Granted, this isn't enough to handle a major trauma, but if you're at that stage, one Band-Aid more or less isn't going to matter much anyway. It's designed to help stop little cuts or scrapes from becoming big problems later on. I decided against adding a large compress-type bandage because of the bulk issue.
The 24 acetaminophen (Tylenol Extra-Strength 500 mg caplets) were repackaged in a small plastic bag to reduce their bulk. I can envision a number of situations where relief from pain could be a real asset, especially if you have to think clearly to get yourself out of a jam. I have since added 6 ibuprofen (Motrin 500 mg caplets) for the inflammation relief it provides.
The adhesive bandages are in three sizes, mainly so I won't have to use a big bandage for an itty-bitty cut, or a tiny bandage for a jagged gash. I have since added two packets of Neosporin triple-antibiotic ointment. It weighs almost nothing and will keep cuts and scrapes from getting infected. If that happens, you're in even more trouble.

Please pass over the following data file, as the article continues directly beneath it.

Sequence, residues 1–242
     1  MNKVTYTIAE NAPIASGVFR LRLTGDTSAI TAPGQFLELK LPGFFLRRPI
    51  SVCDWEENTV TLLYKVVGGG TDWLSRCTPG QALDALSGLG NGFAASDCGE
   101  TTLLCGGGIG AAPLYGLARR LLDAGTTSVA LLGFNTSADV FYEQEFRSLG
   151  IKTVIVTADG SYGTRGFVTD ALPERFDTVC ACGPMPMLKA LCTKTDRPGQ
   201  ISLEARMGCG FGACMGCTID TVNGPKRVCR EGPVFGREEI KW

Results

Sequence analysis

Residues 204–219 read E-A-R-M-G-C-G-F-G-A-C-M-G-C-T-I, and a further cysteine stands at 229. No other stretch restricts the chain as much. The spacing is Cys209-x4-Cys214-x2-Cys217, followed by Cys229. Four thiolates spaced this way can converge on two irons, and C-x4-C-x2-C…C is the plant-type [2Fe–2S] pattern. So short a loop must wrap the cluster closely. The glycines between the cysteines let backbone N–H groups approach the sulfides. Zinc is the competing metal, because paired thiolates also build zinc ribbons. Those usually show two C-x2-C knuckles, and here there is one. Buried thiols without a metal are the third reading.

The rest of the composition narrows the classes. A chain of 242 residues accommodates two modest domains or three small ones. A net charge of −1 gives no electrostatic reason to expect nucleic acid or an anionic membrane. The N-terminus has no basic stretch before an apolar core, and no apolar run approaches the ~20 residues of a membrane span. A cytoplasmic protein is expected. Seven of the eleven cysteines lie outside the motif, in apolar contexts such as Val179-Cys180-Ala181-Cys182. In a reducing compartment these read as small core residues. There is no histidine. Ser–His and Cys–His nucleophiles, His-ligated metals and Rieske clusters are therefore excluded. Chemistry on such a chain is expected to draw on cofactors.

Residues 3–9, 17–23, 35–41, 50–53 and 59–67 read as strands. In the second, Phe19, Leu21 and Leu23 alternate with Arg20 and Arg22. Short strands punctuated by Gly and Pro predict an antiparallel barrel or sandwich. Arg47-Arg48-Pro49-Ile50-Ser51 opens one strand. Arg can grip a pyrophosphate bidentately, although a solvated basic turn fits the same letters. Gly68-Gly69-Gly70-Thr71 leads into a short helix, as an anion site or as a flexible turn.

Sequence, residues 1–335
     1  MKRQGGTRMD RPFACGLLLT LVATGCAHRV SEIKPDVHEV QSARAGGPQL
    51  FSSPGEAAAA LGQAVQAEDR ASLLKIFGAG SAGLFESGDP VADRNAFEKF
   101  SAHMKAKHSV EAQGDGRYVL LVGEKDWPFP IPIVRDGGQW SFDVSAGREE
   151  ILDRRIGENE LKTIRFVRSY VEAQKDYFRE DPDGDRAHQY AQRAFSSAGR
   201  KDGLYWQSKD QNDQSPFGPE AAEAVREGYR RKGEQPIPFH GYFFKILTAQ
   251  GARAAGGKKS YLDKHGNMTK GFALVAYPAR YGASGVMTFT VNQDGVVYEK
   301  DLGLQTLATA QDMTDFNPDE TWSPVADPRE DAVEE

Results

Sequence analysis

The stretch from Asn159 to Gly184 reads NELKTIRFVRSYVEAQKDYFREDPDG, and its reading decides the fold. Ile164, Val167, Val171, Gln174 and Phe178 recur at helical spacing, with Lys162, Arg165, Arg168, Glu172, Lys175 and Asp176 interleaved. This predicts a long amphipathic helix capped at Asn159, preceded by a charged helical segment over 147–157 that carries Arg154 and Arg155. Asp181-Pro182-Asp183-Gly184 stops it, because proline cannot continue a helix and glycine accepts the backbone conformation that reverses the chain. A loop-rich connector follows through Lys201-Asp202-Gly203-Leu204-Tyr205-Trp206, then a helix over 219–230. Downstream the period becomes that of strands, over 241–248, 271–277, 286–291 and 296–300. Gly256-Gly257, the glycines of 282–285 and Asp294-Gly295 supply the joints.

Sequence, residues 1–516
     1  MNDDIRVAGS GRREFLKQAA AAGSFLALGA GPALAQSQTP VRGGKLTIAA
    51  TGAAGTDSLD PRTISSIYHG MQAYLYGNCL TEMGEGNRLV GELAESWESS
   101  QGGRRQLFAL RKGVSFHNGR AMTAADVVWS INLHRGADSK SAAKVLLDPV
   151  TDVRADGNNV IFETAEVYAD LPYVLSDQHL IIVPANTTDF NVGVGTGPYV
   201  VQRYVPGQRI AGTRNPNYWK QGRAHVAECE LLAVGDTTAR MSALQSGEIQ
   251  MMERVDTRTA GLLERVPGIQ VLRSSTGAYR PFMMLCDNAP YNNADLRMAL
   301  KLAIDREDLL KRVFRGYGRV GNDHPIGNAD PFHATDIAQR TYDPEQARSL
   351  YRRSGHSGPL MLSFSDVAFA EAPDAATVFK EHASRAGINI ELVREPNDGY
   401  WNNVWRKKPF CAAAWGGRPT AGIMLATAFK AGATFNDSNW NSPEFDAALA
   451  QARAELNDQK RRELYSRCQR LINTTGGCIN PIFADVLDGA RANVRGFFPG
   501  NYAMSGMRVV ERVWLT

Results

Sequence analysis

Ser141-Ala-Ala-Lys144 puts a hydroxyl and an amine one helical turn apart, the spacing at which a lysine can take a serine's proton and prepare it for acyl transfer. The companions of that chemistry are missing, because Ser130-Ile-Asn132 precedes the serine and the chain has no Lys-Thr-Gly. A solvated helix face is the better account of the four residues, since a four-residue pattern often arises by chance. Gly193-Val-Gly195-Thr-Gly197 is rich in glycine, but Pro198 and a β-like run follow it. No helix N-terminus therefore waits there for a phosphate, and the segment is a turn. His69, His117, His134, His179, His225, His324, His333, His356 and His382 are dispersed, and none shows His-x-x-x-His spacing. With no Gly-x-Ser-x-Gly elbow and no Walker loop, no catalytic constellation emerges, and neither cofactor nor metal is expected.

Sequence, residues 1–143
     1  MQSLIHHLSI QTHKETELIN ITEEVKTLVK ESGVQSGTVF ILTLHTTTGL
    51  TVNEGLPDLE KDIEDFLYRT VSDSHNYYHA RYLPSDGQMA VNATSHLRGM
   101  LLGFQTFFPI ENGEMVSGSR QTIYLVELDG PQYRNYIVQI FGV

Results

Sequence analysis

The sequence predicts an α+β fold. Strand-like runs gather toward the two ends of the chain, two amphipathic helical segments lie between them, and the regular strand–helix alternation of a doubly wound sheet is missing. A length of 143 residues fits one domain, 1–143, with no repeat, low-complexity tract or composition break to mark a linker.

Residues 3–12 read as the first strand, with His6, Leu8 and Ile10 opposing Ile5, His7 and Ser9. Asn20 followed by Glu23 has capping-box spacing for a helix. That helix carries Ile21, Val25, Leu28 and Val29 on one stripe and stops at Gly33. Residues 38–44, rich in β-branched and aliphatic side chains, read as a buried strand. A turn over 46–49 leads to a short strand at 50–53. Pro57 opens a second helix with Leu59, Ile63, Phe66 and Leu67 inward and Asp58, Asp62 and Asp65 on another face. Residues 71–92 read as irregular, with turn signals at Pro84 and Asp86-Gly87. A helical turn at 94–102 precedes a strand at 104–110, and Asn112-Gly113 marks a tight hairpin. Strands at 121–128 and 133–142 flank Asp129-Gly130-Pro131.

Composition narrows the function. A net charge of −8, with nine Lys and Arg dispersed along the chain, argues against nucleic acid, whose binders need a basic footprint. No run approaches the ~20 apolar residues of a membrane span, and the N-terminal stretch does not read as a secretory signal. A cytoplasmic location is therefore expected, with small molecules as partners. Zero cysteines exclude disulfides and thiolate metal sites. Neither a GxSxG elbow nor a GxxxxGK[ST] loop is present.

I put the salt packets in the medical group because they can, if used very sparingly and with lots of water, be used to help recover from severe dehydration. They can also be used to season food, of course, or even to preserve a small amount of meat or fish for a few days, both of which can help you face a survival situation more successfully.
None of these supplies are of much use if you haven't had any training in at least basic first aid. In the US, the American Red Cross offers basic and advanced first aid and cardio-pulmonary resuscitation (CPR) classes for free or at a very modest cost. Yes, it takes a few hours of your time, but which would you rather be? Prepared to take care of yourself or others in a emergency, or another helpless, flailing, spastic victim?
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This page was last updated Dec. 10, 2003